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Issue C62003

Zcharacter directive problems
Submitted by: Torbjörn Andersson     Appeared in: Compiler 6.20     Fixed in: Compiler 6.30

The Zcharacter directive can attempt to write values greater than 127 into the alphabet table, which is a two-dimensional array of char. If char is signed, this means that when reading the value back you will get a negative value. This value is then used as array index when writing to other arrays.

The test program I used looked like

  Zcharacter '@`e';   ! E-grave

  [ Main;
      print 36;

but the actual result of this is compiler-dependent. In fact, you may not see any error at all. In my case, however, it produced a compiler error because it had overwritten the table entry that told it that the character '6' could be part of a numerical constant.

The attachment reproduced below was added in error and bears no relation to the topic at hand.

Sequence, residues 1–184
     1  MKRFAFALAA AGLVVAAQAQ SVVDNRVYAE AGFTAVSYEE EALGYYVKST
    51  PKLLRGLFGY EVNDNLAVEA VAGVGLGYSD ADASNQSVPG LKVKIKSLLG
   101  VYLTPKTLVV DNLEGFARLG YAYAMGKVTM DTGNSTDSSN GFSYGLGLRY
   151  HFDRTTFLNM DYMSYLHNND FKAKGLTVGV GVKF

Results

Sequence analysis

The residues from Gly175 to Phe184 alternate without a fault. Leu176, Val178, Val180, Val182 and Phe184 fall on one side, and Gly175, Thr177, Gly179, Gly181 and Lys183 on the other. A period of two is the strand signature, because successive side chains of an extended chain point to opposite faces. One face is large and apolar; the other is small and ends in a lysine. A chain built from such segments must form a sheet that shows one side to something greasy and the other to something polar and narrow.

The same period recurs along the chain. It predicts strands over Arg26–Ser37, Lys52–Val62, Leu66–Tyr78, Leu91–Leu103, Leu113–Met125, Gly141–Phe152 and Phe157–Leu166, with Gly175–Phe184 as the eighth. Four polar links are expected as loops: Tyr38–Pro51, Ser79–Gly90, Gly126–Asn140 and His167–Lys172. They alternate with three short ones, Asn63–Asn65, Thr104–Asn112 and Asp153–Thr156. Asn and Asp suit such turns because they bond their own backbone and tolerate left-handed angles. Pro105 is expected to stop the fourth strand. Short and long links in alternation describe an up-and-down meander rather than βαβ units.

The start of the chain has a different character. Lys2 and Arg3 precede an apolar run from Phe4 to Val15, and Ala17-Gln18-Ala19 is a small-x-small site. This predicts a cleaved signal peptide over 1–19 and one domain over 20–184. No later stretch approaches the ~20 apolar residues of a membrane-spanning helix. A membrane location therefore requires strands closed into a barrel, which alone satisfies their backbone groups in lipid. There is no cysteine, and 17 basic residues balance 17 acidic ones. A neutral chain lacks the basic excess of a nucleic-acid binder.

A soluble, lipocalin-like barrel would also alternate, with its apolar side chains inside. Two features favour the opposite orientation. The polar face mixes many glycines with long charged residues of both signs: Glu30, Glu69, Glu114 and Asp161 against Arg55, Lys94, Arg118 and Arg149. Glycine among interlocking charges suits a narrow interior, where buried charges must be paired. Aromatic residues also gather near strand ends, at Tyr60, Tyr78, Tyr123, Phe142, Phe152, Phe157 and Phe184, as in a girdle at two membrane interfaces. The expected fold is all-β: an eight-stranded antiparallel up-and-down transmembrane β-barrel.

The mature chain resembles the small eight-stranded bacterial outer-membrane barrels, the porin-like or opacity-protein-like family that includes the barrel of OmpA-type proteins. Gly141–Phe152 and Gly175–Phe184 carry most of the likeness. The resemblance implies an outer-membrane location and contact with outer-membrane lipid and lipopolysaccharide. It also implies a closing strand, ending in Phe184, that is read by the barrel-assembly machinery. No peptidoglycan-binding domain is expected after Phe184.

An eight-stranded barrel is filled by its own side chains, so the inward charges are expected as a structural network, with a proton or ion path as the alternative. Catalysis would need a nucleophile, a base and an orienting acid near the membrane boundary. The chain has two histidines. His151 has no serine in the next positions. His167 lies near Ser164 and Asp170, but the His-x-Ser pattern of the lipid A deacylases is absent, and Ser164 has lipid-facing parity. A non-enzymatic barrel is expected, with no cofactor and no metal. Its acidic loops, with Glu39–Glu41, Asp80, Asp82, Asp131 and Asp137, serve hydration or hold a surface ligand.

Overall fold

I assume that changing the type of alphabet[3][27] from "char" to "uchar" in chars.c and header.h will fix the problem.

Update (by Kevin Bracey)

The suggested patch needs one slight addition -- it's not valid to pass an "unsigned char *" pointer to a strcpy, so the little trio of strcpys that initialise the alphabet table either needs casts or to be turned into memcpys:

      strcpy((char *) alphabet[0], "abcdefghijklmnopqrstuvwxyz");
  or  memcpy(alphabet[0], "abcdefghijklmnopqrstuvwxyz", 26);

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